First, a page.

It’s Not Easy Being Queen
Royal women played critical roles in the cultural and political history of the world in the sixteenth and seventeenth centuries. Here you can explore some of their experiences through the Emmerson Collection.
For fifty years from July 1553 to March 1603, two women ruled Britain: Mary I and Elizabeth I, the daughters of Tudor king Henry VIII and his first and second wives, Catherine of Aragon and Anne Boleyn. The complexity of this family dynamic brought political and religious turmoil to the land, followed by a long period of relative peace and stability under the reign of Elizabeth I, though the troublesome figure of her first cousin once removed, Mary Queen of Scots, was a thorn in Elizabeth’s side.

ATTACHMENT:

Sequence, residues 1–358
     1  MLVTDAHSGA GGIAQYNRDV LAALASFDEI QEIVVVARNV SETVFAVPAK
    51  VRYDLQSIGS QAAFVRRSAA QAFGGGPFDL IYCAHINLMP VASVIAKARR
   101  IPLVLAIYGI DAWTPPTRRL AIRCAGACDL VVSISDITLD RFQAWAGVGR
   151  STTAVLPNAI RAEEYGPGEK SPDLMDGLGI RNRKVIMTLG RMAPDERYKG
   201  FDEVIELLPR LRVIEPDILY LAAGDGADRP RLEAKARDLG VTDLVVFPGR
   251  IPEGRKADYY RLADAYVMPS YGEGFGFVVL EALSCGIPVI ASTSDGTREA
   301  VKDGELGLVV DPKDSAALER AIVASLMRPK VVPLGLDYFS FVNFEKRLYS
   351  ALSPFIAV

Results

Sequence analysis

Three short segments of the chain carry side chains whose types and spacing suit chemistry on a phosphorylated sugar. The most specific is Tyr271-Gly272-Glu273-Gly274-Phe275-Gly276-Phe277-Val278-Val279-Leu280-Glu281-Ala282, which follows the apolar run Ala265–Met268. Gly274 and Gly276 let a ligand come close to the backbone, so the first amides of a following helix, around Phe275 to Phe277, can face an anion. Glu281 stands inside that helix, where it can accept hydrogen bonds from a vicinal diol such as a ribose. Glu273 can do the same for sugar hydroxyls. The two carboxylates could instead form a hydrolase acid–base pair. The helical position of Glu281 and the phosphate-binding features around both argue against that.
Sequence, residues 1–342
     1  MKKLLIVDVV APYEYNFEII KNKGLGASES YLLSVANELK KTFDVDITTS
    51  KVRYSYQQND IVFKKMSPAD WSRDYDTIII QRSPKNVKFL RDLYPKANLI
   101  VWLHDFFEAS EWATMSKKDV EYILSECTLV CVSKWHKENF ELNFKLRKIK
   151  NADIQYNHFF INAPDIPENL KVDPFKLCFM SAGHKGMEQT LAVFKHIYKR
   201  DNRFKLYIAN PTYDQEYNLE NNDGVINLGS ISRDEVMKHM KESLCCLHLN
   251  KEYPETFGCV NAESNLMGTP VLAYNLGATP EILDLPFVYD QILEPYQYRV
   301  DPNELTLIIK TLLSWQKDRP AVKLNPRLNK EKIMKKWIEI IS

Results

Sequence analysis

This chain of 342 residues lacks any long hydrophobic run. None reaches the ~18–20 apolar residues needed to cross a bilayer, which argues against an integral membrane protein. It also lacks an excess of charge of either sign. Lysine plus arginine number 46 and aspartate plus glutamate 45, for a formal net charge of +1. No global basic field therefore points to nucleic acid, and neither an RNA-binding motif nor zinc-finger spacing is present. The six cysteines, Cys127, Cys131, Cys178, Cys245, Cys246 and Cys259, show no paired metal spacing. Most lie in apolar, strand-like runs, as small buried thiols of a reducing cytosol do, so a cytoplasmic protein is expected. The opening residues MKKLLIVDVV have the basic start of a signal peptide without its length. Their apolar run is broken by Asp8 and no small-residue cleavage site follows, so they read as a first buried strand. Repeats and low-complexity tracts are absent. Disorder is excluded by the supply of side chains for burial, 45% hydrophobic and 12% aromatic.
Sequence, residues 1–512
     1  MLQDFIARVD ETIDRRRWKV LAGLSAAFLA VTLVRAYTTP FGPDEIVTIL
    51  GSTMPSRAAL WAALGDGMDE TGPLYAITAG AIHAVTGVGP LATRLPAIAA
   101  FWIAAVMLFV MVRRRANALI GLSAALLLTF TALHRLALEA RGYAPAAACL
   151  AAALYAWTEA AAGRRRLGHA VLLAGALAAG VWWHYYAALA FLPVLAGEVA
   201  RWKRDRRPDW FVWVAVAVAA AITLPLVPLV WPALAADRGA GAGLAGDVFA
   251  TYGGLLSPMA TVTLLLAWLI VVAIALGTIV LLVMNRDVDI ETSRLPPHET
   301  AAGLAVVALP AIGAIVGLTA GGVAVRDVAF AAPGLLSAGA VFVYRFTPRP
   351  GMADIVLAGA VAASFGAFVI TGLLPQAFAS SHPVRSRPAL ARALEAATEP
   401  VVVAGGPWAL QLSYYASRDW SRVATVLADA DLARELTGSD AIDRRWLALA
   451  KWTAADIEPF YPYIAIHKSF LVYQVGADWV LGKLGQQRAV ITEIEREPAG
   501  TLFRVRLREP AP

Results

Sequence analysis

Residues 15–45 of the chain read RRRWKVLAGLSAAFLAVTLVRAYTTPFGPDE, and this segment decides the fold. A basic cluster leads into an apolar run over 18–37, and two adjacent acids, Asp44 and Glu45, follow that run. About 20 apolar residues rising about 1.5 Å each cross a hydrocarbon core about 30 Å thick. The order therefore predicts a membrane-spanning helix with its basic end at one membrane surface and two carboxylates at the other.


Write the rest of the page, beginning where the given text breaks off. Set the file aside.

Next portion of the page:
When Mary’s son James became King of England and Scotland after Elizabeth’s death, a new generation of royal women took the stage, including Anne of Denmark, Henrietta Maria, Elizabeth of Bohemia and Catherine of Braganza. All would wield significant influence over the actions of their royal husbands, brothers and sons.
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